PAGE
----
penalized out of the model? See 
scale 
If this is positive then it is taken as the known scale parameter. Negative signals that the scale paraemter is unknown. 0 signals that the scale parameter is 1 for Poisson and binomial and unknown otherwise. Note that (RE)ML methods can only work with scale parameter 1 for the Poisson and binomial cases. 
gamma 
Increase above 1 to force smoother fits. 
knots 
this is an optional list containing user specified knot values to be used for basis construction.
For most bases the user simply supplies the knots to be used, which must match up with the 
sp 
A vector of smoothing parameters can be provided here.
Smoothing parameters must be supplied in the order that the smooth terms appear in the model
formula. Negative elements indicate that the parameter should be estimated, and hence a mixture
of fixed and estimated parameters is possible. If smooths share smoothing parameters then 
min.sp 
Lower bounds can be supplied for the smoothing parameters. Note
that if this option is used then the smoothing parameters 
paraPen 
optional list specifying any penalties to be applied to parametric model terms.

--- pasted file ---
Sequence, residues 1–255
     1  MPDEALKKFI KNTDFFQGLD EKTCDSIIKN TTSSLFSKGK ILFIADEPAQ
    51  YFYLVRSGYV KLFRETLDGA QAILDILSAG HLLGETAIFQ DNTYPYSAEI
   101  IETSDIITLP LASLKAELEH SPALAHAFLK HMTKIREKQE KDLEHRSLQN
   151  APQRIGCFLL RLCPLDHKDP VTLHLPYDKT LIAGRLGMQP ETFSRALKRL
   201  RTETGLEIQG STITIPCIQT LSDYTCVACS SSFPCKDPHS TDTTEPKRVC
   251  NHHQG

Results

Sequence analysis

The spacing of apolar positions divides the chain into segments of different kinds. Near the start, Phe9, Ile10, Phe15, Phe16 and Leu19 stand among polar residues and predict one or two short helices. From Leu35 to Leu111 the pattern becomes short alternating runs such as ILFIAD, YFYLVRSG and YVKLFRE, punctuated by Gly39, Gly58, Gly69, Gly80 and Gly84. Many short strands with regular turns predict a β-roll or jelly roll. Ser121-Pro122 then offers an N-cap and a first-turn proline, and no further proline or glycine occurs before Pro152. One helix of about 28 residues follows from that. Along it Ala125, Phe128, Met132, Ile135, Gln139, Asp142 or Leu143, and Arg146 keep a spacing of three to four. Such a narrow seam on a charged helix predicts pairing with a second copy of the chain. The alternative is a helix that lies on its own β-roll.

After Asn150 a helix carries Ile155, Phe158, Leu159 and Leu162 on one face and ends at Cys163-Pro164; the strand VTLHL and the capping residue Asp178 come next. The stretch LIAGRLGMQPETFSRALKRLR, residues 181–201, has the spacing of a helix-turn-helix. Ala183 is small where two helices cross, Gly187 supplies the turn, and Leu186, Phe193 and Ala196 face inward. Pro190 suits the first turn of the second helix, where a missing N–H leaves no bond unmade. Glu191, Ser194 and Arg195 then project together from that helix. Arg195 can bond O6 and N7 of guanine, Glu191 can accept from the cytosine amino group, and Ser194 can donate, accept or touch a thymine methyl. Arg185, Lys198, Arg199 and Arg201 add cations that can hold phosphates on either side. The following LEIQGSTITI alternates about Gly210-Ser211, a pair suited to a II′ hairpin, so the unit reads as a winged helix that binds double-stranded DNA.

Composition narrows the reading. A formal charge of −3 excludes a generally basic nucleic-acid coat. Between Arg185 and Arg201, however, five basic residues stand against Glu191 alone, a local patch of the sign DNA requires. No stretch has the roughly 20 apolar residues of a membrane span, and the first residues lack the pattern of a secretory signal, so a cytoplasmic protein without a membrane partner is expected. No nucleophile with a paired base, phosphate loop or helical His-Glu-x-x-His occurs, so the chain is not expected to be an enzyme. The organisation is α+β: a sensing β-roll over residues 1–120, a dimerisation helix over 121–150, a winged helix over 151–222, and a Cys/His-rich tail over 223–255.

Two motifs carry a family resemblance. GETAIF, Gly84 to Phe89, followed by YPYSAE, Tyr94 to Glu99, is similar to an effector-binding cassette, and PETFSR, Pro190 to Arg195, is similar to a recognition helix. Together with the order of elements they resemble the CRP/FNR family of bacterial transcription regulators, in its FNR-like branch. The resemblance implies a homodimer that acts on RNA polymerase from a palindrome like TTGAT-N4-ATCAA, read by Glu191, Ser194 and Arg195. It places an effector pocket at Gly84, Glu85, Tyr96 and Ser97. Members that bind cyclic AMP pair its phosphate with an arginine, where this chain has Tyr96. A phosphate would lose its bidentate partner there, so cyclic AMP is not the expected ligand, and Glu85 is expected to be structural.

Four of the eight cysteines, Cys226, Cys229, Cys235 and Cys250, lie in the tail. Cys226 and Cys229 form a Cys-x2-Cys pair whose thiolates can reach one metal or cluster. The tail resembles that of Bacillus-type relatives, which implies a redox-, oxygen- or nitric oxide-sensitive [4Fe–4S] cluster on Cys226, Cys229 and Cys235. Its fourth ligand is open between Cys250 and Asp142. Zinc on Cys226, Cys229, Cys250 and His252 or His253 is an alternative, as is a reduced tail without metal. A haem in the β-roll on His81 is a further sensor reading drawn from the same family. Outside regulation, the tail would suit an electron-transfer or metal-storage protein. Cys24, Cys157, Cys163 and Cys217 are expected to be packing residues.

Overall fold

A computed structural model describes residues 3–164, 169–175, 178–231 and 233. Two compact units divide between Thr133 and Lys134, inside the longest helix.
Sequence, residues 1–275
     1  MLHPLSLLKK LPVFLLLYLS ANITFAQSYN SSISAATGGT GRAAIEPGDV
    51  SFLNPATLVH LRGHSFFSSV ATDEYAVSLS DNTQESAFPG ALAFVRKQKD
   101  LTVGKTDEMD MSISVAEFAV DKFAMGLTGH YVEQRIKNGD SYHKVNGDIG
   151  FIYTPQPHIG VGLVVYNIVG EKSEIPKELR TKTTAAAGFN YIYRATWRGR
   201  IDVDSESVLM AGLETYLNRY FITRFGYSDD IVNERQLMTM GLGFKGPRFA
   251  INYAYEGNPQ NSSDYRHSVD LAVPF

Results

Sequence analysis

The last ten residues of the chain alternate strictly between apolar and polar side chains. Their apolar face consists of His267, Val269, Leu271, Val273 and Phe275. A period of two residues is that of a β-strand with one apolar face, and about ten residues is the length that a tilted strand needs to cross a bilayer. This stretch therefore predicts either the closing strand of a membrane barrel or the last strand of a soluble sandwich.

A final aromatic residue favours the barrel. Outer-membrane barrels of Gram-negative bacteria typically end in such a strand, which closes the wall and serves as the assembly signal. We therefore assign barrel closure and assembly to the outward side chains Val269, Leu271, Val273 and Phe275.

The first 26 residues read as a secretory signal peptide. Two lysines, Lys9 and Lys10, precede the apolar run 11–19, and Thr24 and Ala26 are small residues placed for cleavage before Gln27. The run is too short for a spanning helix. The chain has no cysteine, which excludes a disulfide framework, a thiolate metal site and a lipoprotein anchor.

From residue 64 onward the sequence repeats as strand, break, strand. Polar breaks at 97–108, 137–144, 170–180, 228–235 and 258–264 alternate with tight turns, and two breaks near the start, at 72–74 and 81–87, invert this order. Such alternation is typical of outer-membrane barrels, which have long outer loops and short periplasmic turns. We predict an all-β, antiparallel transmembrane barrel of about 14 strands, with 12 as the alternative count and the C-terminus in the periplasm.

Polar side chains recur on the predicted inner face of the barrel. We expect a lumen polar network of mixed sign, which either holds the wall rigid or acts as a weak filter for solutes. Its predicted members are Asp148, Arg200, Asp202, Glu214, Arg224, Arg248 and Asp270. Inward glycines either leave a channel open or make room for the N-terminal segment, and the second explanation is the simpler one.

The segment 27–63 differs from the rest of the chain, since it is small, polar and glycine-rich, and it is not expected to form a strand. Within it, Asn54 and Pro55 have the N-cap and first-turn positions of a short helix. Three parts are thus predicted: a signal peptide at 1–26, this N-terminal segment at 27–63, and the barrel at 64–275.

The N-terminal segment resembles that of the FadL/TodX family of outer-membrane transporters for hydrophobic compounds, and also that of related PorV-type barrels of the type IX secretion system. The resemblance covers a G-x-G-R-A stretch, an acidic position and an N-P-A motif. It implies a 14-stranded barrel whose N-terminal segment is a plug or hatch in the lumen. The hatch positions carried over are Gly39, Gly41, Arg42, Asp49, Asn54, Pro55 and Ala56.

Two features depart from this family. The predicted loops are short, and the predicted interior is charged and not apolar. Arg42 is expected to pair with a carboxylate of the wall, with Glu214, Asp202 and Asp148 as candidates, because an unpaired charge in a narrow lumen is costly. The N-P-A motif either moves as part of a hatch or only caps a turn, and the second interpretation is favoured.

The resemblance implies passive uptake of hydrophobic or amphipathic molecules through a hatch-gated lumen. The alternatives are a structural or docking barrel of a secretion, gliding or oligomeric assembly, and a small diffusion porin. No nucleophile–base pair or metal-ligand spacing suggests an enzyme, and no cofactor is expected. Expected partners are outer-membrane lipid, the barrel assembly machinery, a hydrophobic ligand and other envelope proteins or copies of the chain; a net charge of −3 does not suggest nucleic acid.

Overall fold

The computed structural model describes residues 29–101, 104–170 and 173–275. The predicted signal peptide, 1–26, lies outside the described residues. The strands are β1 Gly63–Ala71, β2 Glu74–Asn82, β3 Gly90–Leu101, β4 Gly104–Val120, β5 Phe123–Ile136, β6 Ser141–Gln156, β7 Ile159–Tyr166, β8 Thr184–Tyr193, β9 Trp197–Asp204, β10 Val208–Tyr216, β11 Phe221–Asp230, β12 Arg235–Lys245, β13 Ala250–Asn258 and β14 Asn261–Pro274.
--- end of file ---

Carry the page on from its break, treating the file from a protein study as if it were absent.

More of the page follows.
chunk.size 
The model matrix is created in chunks of this size, rather than ever being formed whole.
Reset to 
rho 
An AR1 error model can be used for the residuals (based on dataframe order), of Gaussianidentity
link models. This is the AR1 correlation parameter. Standardized residuals (approximately
uncorrelated under correct model) returned in

AR.start 
logical variable of same length as data, 
discrete 
with 
cluster 

nthreads 
Number of threads to use for noncluster computation (e.g. combining results from cluster nodes).
If 
gc.level 
to keep the memory footprint down, it can help to call the garbage collector often, but this takes a substatial amount of time. Setting this to zero means that garbage collection only happens when R decides it should. Setting to 2 gives frequent garbage collection. 1 is in between. Not as much of a problem as it used to be. 
use.chol 
By default 
samfrac 
For very large sample size Generalized additive models the number of iterations needed for the model fit can
be reduced by first fitting a model to a random sample of the data, and using the results to supply starting values. This initial fit is run with sloppy convergence tolerances, so is typically very low cost. 
coef 
initial values for model coefficients 
drop.unused.levels 
by default unused levels are dropped from factors before fitting. For some smooths involving factor variables you might want to turn this off. Only do so if you know what you are doing. 
G 
if not 
fit 
if 
drop.intercept 
Set to 
in.out 
If supplied then this is a two item list of intial values. 
... 
further arguments for
passing on e.g. to 
Details
When discrete=FALSE
, bam